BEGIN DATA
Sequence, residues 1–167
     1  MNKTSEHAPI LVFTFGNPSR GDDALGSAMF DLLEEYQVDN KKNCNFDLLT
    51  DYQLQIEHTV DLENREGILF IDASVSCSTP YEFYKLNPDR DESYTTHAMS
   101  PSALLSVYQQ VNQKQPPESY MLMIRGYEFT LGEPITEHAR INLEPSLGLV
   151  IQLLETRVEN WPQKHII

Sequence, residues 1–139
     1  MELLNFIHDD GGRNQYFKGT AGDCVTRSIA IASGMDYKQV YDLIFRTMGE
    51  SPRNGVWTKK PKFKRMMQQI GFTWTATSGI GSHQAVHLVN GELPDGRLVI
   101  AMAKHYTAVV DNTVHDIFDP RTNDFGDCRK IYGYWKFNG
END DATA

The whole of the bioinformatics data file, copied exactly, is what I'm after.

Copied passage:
Sequence, residues 1–167
     1  MNKTSEHAPI LVFTFGNPSR GDDALGSAMF DLLEEYQVDN KKNCNFDLLT
    51  DYQLQIEHTV DLENREGILF IDASVSCSTP YEFYKLNPDR DESYTTHAMS
   101  PSALLSVYQQ VNQKQPPESY MLMIRGYEFT LGEPITEHAR INLEPSLGLV
   151  IQLLETRVEN WPQKHII

Sequence, residues 1–139
     1  MELLNFIHDD GGRNQYFKGT AGDCVTRSIA IASGMDYKQV YDLIFRTMGE
    51  SPRNGVWTKK PKFKRMMQQI GFTWTATSGI GSHQAVHLVN GELPDGRLVI
   101  AMAKHYTAVV DNTVHDIFDP RTNDFGDCRK IYGYWKFNG